Lili Di Puppo, University of Helsinki
November 24 (Thursday) 12.30-14.00 (Helsinki), live
Place: University of Helsinki, Porthania 224, HELSUS Lounge, Yliopistonkatu 3
Drawing on fieldwork in a circle of Sufi Muslims and local volunteers in Bashkortostan in Russia’s Urals, I explore how practices of remembering connect my interlocutors to the Bashkir sacred landscape in a mutual relationship. During three summers in 2018-2021, I have spent time with disciples (murids) of a Naqshbandi Sufi tariqa (order) in Bashkortostan and local volunteers close to this circle.
In my research, I explore how my interlocutors experience the Bashkir natural landscape as alive and not as a blank space onto which they imprint the memory of human actions. Hence, they cultivate a mutual relationship with the Bashkir land, protecting it and being in turn protected by it. Being alive and sacred, the landscape participates in the practice of remembering as it reminds humans of the divine and of their place in creation. Moreover, this landscape connects them with the Islamic revelation and the Bashkir epos Ural Batyr.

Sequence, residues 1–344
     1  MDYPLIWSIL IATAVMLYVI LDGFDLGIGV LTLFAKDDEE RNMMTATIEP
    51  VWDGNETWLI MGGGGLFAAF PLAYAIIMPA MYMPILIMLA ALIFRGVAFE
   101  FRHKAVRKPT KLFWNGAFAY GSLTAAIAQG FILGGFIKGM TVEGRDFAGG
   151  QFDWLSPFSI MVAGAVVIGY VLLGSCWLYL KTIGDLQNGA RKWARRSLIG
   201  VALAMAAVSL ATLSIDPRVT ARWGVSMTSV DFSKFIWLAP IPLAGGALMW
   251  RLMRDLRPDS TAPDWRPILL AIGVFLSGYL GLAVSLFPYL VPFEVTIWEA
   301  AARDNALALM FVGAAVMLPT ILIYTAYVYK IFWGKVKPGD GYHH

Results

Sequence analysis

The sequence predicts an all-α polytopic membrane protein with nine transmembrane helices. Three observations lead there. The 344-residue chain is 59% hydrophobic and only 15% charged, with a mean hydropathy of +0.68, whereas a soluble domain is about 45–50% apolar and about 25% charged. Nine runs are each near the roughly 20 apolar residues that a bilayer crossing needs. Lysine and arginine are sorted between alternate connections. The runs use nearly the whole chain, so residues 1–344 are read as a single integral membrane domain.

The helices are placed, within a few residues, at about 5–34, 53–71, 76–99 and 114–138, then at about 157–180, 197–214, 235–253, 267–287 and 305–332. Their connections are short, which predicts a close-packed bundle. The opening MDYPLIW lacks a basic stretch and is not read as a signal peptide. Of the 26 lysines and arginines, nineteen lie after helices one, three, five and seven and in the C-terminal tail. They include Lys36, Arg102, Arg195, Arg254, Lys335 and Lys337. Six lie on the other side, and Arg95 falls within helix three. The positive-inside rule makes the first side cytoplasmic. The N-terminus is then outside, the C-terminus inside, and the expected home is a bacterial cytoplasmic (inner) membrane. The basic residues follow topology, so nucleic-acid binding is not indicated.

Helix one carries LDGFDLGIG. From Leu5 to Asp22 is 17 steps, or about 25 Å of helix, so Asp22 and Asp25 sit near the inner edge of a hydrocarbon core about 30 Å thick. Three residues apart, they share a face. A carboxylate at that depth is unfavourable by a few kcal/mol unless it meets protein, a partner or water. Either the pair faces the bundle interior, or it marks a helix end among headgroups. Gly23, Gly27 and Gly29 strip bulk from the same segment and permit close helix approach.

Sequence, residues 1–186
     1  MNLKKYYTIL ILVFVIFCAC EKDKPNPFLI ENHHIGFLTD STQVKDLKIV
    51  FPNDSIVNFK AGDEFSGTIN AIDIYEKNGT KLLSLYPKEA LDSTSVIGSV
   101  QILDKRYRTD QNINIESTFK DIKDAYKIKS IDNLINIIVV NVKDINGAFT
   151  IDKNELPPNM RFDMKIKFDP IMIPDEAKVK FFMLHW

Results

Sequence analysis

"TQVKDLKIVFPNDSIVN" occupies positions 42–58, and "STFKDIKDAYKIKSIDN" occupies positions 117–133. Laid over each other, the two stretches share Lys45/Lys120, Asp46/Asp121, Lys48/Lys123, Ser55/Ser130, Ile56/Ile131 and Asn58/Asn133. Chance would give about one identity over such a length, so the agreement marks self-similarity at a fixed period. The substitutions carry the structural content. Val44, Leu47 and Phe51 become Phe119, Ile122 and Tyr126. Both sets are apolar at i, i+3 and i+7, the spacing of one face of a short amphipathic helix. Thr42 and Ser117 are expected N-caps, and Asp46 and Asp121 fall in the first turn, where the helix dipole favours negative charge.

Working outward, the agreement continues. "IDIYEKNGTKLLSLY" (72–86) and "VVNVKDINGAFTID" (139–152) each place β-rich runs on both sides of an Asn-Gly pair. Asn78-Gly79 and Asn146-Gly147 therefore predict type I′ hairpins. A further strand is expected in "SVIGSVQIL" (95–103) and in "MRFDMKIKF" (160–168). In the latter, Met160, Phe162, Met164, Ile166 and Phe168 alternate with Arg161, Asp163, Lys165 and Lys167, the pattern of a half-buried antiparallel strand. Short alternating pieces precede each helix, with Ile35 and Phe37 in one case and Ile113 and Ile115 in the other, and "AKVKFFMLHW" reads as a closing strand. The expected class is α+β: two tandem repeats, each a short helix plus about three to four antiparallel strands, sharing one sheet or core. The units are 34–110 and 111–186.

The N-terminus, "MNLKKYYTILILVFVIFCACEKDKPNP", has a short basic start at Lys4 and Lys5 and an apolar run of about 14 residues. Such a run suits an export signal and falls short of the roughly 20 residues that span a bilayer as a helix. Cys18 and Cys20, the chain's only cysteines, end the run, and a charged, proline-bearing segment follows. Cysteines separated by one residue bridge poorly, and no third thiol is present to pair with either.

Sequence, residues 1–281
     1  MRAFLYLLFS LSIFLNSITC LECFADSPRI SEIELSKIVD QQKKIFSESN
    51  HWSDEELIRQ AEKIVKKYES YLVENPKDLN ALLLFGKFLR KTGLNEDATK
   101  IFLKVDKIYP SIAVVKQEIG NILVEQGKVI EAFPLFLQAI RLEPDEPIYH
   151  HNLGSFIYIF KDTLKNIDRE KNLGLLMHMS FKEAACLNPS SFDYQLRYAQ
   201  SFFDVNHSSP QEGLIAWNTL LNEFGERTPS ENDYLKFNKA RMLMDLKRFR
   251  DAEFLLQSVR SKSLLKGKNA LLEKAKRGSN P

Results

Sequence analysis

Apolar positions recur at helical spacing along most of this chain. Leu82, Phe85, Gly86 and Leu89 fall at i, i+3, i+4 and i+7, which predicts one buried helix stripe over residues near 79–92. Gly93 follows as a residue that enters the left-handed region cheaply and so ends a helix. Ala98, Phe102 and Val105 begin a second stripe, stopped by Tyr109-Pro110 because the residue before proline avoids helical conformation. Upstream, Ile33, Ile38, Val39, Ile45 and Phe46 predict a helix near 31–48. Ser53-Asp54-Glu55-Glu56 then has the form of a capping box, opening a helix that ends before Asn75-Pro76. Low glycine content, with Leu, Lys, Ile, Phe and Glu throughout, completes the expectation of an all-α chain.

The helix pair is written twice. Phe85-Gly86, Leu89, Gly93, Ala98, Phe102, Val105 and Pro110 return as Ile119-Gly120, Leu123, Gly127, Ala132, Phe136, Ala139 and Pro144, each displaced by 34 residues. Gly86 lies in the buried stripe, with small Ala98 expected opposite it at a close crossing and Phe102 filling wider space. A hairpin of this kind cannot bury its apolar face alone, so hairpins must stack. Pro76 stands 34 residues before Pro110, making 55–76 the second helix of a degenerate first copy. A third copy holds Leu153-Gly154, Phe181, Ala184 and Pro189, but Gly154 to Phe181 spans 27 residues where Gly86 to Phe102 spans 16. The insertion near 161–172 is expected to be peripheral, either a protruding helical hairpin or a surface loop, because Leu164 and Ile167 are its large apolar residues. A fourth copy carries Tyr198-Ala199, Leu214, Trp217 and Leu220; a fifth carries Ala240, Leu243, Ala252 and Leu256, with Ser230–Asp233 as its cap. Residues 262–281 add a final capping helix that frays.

My research connects with the themes of spiritual ecology and the spiritual dimension of the human connection with nature. In the narrations of my Bashkir interlocutors, the land is alive, neither a white canvas nor a resource that can be exchanged and sold. While we were driving back to Ufa from a pilgrimage, Ildar, a murid, thus told me that Bashkirs used to view the land through a spiritual prism. It is only with the move to a capitalist economy in the 20th century that land came to be perceived as a saleable entity, a resource that could change hands.
Balance and harmony in nature and in the relationship with the sacred land demand of humans that they remain constantly aware of the divine origin of everything in creation. The nature surrounding the Bashkirs, the land on which they live are gifts of God, signs (ayat) reminding them of the divine.